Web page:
And the developments with both Saracen and Coach work either as thematically-appropriate farewells to both characters -- we've known from episode one that, in the world of "Friday Night Lights," not every person gets the fate they deserve, no matter how hard-working or pure of heart -- or as springboards for a fourth season.Good as this season has been, we're all aware how much of it was retracing familiar ground from the show's first year.I'm also relieved to know that, in the aforementioned interview, Katims said they didn't have a hypothetical season four in mind when they chose this route for Matt.Tags: Poverty In Canada ThesisEssays About Helping Poor PeopleWorking Stress ThesisInterest In Research EssayDonut Business PlanEuthanasia Pros EssayInjustice Anywhere Is A Threat To Justice Everywhere EssayNursing Case Study On Cerebrovascular AccidentSolving Speed Problems
And for a good chunk of the finale, it looked like that someone would be Tim Riggins, and that he would be more than happy to be stuck under a hydraulic lift at his brother's garage, drinking beers, fixing cars and forever telling stories of the glory years playing with Six, Seven and Smash.
But Billy's speech about how one member of the Riggins family needs to get out of this town and make something of himself so that future generations know that it can be done was a lovely idea.
And with Matt getting the short end of the stick, Tyra pulls off an unlikely but still touching escape when she gets off the wait list and into Texas. I hope (and expect) to see a lot more of her in the future, as well as Taylor Kitsch and Zach Gilford and the rest of this brilliant young cast, whether the show comes back or not, whether Katims decides to bring back the graduated seniors or not.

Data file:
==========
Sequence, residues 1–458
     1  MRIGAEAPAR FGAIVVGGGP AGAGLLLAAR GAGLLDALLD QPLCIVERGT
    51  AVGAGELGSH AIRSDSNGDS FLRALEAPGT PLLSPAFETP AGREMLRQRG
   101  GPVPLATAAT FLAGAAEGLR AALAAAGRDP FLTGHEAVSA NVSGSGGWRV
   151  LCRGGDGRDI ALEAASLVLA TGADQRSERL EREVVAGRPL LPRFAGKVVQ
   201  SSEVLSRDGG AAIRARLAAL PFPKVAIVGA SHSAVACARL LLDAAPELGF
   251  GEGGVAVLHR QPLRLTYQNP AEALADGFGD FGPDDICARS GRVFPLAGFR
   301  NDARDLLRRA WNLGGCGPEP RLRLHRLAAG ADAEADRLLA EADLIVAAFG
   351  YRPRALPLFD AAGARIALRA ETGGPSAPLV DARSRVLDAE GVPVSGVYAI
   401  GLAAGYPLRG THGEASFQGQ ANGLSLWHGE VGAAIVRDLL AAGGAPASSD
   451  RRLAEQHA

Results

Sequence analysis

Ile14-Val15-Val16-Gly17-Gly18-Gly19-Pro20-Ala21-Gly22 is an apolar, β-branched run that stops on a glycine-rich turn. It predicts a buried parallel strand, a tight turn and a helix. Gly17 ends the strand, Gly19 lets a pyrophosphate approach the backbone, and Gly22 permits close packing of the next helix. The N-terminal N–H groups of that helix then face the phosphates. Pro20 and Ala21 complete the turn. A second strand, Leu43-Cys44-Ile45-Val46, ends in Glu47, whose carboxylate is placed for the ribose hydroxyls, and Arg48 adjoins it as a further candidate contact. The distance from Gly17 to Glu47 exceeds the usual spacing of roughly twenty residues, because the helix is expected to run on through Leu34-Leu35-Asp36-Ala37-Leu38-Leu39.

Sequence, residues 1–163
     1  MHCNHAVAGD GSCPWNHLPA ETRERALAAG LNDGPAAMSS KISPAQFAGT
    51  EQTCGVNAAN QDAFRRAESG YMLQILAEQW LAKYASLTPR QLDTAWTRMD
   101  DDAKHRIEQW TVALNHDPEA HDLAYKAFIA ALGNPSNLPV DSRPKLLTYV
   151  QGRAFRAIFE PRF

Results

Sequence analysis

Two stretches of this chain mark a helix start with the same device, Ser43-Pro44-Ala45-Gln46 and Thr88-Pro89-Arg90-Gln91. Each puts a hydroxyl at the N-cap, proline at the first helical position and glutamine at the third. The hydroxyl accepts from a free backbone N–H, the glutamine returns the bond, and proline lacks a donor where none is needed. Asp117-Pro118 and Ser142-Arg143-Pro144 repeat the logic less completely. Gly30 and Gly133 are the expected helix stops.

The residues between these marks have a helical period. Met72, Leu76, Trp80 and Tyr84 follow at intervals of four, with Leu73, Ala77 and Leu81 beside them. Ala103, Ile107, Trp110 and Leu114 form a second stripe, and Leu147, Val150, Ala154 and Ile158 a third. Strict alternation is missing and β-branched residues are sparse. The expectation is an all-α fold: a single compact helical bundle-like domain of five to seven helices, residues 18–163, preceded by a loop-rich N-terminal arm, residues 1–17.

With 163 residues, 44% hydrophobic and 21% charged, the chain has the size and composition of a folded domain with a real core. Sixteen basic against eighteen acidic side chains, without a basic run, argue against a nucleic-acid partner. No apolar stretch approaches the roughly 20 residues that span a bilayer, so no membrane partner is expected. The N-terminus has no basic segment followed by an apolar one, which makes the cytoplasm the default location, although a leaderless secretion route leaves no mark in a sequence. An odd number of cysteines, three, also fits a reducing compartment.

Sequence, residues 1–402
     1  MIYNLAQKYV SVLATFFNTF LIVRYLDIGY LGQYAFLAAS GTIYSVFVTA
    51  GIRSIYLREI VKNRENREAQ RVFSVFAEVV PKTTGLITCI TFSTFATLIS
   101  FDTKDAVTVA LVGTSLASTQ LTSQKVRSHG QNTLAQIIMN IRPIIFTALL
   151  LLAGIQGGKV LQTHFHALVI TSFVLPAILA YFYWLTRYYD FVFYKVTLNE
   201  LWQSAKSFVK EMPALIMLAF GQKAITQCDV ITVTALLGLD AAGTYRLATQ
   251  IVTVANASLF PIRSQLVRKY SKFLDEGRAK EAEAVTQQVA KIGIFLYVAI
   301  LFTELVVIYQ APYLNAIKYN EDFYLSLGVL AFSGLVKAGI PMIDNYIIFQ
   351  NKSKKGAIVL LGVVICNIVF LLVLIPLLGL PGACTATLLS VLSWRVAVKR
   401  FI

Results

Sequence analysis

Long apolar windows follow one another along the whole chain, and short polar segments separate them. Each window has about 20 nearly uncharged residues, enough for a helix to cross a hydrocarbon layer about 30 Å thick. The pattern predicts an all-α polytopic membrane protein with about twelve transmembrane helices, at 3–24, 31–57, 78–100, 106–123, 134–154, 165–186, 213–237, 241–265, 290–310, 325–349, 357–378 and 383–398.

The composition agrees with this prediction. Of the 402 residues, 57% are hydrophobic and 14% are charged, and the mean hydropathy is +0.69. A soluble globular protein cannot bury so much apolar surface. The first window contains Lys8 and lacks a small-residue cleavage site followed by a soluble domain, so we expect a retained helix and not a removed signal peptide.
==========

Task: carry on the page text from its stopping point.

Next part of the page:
Though I often found her stories problematic (even ignoring the murder), Adrianne Palicki always gave this character everything she had; just look at the way she's shaking with equal parts fear and hope as she opens up the admissions letter. If the show somehow continues, I'm excited for the possibilities created by the East Dillon move.
A fourth season with Eric as coach at East Dillon -- with lousy facilities, no boosters, and all the good players gerrymandered into the Dillon High district by Buddy and Joe Mc Coy -- has potential to not only be very different, but really inspiring.
It's one thing to see Eric work in a system where he's the master of all he surveys, and quite another for him to be running a team where "Lance"(**) could conceivably be his most talented player.And I like that Tim's exit is somewhat bittersweet.He's really made peace with the world over the last couple of seasons (his emotional journey was one of the few highlights of season two), and I can easily imagine that he'd be much more content staying in this comfort zone than he might be going out into the world, struggling against college competition and real academics (or as close as a party school can get).Eric and Buddy as enemies instead of allies could be great to see, as would a possible story where Joe edges Buddy out as king of the boosters and Buddy winds up re-teaming with Eric to try to make something of the disgraceful East Dillon squad.There are a whole lot of ways this can go, all of them potentially fascinating, all of them very much fitting in the themes of the show, and none of them rehashing what's come before.NOTE: This and all other "FNL" season three reviews were written after viewing the Direc TV cut, which can be several minutes longer than the NBC version.So both my review and the early comments may refer to scenes that were not shown on NBC. If, by some miracle, NBC and Direc TV both decide it's in their best interests to keep "Friday Night Lights" going for another season(*), I'm going to be right behind it.Matt Saracen is the most upsetting character of all time, and I honestly think we should all sue this show for emotional damages.was never just about winning; it was a show about coming back from defeat. exposed the dark side of our obsession with winning and all that comes with it.I've enjoyed this season overall, but these last couple of episodes, and the set-up with Eric taking over East Dillon High, has me for the first time really pulling for renewal."Tomorrow Blues" does a fine job of seeing off several of the graduating characters.If we never see Riggins or Lyla or Tyra again, then I'll be okay with it because their exits (Tim and Tyra's, especially) were handled with such grace.